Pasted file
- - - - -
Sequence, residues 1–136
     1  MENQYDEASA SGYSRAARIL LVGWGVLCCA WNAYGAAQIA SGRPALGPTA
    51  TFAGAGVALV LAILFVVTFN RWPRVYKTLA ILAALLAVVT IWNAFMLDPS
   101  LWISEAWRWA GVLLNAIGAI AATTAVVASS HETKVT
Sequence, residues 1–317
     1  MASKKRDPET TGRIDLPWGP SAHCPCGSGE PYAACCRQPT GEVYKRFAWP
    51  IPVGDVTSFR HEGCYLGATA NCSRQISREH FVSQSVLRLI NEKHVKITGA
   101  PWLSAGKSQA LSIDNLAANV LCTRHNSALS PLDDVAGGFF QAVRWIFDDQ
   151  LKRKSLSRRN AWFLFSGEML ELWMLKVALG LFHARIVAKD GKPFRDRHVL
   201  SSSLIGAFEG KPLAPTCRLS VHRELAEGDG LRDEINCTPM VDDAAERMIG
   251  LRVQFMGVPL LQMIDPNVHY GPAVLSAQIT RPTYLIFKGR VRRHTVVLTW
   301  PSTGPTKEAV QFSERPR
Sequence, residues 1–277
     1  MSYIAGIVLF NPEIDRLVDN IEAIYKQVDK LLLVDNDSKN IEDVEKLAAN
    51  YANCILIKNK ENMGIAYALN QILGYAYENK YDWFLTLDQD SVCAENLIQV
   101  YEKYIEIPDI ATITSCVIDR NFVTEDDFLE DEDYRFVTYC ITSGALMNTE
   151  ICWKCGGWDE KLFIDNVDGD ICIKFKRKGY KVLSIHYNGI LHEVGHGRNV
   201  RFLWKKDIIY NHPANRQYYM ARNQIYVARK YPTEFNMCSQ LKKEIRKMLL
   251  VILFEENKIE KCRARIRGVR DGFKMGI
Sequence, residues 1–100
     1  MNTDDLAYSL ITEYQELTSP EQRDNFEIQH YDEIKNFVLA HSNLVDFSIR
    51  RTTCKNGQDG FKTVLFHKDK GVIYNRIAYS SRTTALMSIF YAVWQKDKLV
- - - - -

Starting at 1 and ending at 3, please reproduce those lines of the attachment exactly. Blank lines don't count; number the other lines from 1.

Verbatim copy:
Sequence, residues 1–136
     1  MENQYDEASA SGYSRAARIL LVGWGVLCCA WNAYGAAQIA SGRPALGPTA
    51  TFAGAGVALV LAILFVVTFN RWPRVYKTLA ILAALLAVVT IWNAFMLDPS